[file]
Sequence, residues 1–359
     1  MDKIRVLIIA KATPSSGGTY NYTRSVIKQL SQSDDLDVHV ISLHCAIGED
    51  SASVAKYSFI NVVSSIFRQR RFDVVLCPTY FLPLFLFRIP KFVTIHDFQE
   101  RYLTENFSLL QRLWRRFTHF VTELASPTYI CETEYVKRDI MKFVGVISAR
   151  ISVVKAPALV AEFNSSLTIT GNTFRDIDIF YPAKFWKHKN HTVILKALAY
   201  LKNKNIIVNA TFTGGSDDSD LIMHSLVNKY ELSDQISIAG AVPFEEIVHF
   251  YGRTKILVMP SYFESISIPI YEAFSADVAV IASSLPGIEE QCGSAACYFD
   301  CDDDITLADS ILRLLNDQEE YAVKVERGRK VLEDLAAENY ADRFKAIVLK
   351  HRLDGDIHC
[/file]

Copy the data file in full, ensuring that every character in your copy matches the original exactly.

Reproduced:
Sequence, residues 1–359
     1  MDKIRVLIIA KATPSSGGTY NYTRSVIKQL SQSDDLDVHV ISLHCAIGED
    51  SASVAKYSFI NVVSSIFRQR RFDVVLCPTY FLPLFLFRIP KFVTIHDFQE
   101  RYLTENFSLL QRLWRRFTHF VTELASPTYI CETEYVKRDI MKFVGVISAR
   151  ISVVKAPALV AEFNSSLTIT GNTFRDIDIF YPAKFWKHKN HTVILKALAY
   201  LKNKNIIVNA TFTGGSDDSD LIMHSLVNKY ELSDQISIAG AVPFEEIVHF
   251  YGRTKILVMP SYFESISIPI YEAFSADVAV IASSLPGIEE QCGSAACYFD
   301  CDDDITLADS ILRLLNDQEE YAVKVERGRK VLEDLAAENY ADRFKAIVLK
   351  HRLDGDIHC